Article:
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. Company Accused Of Releasing Chemicals Into Chinese River

Industrial pollution of China's waterways have been in the spotlight since a chemical factory explosion in the northeastern province of Jilin last year released 100 tonnes of benzene and nitrobenzene into the Songhua river. Copyright AFP.
by Staff Writers
Beijing, China (AFP) Feb 13, 2006
A chemical company in northwest China's Shaanxi province leaked thousands of tonnes of potentially toxic waste into a river without telling the authorities, state media and officials said Monday.

Three tanks burst at the Shaanxi Jintai Chlor-Alkali Chemical Co., releasing more than 2,000 tonnes of waste-water over a 16-hour period beginning on the evening of February 4, the Beijing News reported.

The company stopped production as it noticed the chemicals spilling into the Wuding river, but did nothing to alert the local authorities, according to the paper.

The environmental protection bureau in Mizhi city two kilometers (one mile) away knew nothing about the spill until local residents reported it at around midday on February 5, the paper said.

"We still don't know how it's going to affect the environment," an official with the environmental protection bureau in Yulin city, near Mizhi, told AFP by telephone.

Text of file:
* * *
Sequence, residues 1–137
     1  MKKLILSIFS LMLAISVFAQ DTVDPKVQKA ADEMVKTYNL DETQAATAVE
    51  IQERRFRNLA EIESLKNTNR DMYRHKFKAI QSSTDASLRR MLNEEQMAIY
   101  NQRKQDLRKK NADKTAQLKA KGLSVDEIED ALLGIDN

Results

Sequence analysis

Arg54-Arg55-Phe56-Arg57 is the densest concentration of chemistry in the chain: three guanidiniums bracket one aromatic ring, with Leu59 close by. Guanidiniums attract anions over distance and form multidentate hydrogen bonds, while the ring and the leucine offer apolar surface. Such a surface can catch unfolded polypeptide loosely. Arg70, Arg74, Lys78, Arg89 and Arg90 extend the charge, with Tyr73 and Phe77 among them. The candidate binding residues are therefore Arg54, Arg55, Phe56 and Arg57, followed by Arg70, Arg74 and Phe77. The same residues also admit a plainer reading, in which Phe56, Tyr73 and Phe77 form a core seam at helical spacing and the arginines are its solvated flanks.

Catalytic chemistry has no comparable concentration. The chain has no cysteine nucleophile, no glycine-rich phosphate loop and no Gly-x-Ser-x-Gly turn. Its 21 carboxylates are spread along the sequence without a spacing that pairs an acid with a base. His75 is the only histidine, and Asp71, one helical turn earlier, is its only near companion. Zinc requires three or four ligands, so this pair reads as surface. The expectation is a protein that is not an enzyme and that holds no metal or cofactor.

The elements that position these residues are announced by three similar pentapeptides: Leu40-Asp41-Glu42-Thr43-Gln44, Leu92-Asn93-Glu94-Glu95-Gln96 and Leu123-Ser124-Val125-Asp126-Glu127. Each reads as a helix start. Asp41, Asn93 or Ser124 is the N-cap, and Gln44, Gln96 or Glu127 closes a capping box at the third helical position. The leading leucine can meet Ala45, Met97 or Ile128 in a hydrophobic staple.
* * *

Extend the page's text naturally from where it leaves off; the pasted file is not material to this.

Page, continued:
It was unclear exactly what chemicals were in the waste-water.

The company denied Monday that any environmental mishap had happened as described in the paper.

"It's not true," a spokesman with the company's sales department told AFP.

Industrial pollution of China's waterways have been in the spotlight since a chemical factory explosion in the northeastern province of Jilin last year released 100 tonnes of benzene and nitrobenzene into the Songhua river.

It was one of China's biggest environmental scares and raised major concerns in Russia as the slick threatened to affect people living on its side of the border.

Source: Agence France-Presse

Related Links
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Toxic Slick To Reach Japan In Spring, Russian Officials Warn
Vladivostok, Russia (AFP) Feb 08, 2006
The toxic materials from the slick that oozed into Russia's Amur river from China may reach Japanese shores in spring, officials in Russia's Far East city of Khabarovsk warned Wednesday.

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